Jen oversees the acquisition and development of all MG and YA fiction for the Little, Brown. She edits an impressive list of award-winner, bestselling and über-popular authors including Sherman Alexie, Sara Zarr, Cornelia Funke, Carlos Ruiz Zafón, Pseudonymous Bosch, Cressida Cowell, Walter Mosley, Paolo Bacigalupi, and Jewell Parker Rhodes. (She is also the proud editor of SCBWI’s very own Aaron Hartzler!)
Jen is offering two breakout sessions--PEAK TO PEAK: HOW TO BUILD A CAREER AFTER YOUR FIRST BOOK and AN INSIDE LOOK AT LITTLE, BROWN BOOKS FOR YOUNG READERS--and participating in a panel--A VIEW FROM THE TOP: 4 PUBLISHERS DISCUSS OUR INDUSTRY.
You worked in marketing, at MONEY magazine, and in adult editorial before you began working on books for young readers. What drew you to publishing for this audience?
I really love the idea of marrying narrative with a visual component, which I truly got the experience of when I worked at TIME magazine. I worked for the website, and we were able to work with the writers from the magazine but also add interactive and visual elements to the stories. While that’s what initially drew me to it, what’s kept me in it and made me passionate about it are the intelligent, creative, hard-working people that are a part of the “children’s creative community.”
You're kind of an editor rock star, working with many award-winning and popular authors (Sherman Alexie, Sara Zarr, Cornelia Funke, to name a few). Why do you think you're you so good at spotting the gems? And can you mention some upcoming books you're particularly excited about?
Hahaha. That’s very kind of you to say. What’s been great for me at Little, Brown is that I’ve been given the freedom to acquire the things that I love, and that’s truly how I make my acquisitions. I never care about anything other than the writing and it doesn’t matter to me if the writer is established or just starting out. If I hear it on the page, I’m excited about it. And my focus never wavers from my goal--which is to create great books for kids and teens. Books that hopefully shed a unique light on their experiences.
I’ve been very thrilled about a book that just came out, SHIP BREAKER by Paolo Bacigalupi. This is a writer whose work blew me away from the first page and I’m thrilled that teens will have a chance to experience his master level of world-building and storytelling. I’m also very excited about a middle grade I have coming out called NINTH WARD by Jewell Parker Rhodes, which is a coming of age story that takes place during Hurricane Katrina. Some of my favorite stories to work on are about kids who are easy to overlook--which doesn’t mean that their lives are uninteresting. I love it when a writer is able to bring them to life with the level of exquisite detail and dignity that they deserve.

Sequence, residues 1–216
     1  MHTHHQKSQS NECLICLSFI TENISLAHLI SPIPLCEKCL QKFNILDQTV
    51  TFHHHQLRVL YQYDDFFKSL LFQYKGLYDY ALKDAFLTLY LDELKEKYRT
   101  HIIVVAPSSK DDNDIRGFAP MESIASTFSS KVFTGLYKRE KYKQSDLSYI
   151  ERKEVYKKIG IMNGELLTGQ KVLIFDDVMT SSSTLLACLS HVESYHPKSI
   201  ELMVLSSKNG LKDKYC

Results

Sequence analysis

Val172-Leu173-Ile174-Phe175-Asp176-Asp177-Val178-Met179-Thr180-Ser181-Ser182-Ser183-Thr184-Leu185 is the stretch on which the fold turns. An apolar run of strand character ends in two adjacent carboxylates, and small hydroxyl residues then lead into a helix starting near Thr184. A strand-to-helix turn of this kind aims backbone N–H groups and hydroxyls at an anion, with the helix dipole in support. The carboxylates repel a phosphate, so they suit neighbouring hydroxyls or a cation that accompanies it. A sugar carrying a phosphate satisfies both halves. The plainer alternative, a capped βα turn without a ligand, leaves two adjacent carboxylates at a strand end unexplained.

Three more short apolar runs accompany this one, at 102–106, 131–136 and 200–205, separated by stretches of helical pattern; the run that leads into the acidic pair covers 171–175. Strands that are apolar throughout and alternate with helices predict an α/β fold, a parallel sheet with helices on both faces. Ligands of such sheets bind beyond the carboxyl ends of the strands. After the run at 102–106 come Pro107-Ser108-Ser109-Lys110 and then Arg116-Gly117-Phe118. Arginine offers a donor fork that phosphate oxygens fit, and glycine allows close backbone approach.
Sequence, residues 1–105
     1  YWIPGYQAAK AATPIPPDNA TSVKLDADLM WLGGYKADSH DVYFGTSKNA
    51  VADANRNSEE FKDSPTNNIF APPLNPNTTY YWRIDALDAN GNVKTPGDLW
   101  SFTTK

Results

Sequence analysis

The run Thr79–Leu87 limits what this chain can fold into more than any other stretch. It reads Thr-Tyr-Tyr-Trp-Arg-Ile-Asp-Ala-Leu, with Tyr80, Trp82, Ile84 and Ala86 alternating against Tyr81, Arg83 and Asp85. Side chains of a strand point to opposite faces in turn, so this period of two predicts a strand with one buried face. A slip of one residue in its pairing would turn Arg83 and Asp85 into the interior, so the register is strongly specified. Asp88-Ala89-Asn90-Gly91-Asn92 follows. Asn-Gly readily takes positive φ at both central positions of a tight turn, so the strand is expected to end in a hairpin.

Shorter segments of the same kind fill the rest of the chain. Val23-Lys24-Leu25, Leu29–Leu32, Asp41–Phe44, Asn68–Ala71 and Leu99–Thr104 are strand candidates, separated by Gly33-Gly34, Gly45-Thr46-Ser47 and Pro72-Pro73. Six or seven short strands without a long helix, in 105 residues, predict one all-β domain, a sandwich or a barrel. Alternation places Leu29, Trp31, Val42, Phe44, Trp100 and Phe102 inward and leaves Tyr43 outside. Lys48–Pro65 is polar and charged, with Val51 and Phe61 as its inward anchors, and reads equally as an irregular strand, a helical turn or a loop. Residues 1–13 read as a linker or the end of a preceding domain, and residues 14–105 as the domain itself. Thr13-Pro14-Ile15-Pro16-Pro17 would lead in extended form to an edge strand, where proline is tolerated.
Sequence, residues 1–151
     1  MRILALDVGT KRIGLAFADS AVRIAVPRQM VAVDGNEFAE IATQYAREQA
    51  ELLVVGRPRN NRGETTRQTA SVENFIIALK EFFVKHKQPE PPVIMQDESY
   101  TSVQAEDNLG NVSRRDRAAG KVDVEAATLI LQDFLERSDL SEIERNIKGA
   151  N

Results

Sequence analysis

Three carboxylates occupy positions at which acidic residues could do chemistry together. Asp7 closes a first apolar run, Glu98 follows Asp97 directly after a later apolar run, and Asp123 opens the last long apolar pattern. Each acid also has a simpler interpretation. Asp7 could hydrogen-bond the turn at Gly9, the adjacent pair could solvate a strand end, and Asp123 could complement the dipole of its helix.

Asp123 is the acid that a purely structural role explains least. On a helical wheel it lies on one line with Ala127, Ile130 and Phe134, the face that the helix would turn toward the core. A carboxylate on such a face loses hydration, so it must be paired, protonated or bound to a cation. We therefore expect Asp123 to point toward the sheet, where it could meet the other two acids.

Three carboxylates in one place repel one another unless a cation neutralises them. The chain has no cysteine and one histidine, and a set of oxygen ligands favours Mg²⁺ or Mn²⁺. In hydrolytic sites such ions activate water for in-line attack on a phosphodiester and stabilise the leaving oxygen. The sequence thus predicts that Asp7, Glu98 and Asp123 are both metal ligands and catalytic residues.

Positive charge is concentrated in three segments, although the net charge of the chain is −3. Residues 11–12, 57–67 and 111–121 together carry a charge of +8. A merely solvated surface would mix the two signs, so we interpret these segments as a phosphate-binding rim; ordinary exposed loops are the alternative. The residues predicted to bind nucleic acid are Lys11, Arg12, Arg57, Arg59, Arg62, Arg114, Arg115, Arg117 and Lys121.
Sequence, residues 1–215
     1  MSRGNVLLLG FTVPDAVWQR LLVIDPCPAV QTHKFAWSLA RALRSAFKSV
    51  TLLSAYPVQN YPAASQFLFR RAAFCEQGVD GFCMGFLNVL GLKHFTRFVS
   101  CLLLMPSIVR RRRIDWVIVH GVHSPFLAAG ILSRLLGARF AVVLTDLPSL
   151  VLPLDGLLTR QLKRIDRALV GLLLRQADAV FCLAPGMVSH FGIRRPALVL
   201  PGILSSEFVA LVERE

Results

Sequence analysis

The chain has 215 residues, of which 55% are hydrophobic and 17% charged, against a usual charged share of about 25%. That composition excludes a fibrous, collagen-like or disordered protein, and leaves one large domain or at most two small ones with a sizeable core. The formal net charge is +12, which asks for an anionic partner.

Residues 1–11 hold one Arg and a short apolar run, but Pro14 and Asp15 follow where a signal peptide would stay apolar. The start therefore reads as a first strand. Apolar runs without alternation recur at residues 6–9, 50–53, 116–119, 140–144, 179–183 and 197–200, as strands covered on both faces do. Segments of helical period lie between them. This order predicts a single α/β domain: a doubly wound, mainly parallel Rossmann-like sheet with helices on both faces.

What qualities attract you to a manuscript? What should writers be concentrating on?
Voice is first and foremost, because I feel it’s the most difficult thing to teach or master. And as an editor, if I feel someone’s able to catch my attention with a great voice, it gives me a great deal of confidence that we can conquer any other problem their manuscript might have.
Why do you participate in SCBWI events? What do you get out of them?
As I mentioned earlier, I love the children’s creative community as a whole. We’re a unique bunch and it’s fun to be around other people who are as excited about kids and books as I am. I also want to honor the efforts that people make to learn more about the industry and to strengthen their own craft—so I’m always happy to participate in this because I want to say thank you for making the effort to take your work seriously. I consider it an honor to be asked. What I get out of these events, hopefully, is the opportunity to work towards strengthening editors’ and writers’ common goal of bringing our best to this genre.
You're doing a session called PEAK TO PEAK: HOW TO BUILD A CAREER AFTER YOUR FIRST BOOK. Can you give us a teaser?
Any other words of wisdom/advice you can offer those working toward publication?
The most important thing to focus on is your writing, and nothing is going to make you better at it than sitting down and doing it. No amount of networking, blog reading, tweeting, etc. can substitute for making sure your number one priority is working on your craft. Because, ultimately, that’s what’s going to capture an editor’s attention.
Click here for information and to register for the Summer Conference where you can glean more wisdom and tips from Jennifer Hunt and all the other fabulous editors on the faculty.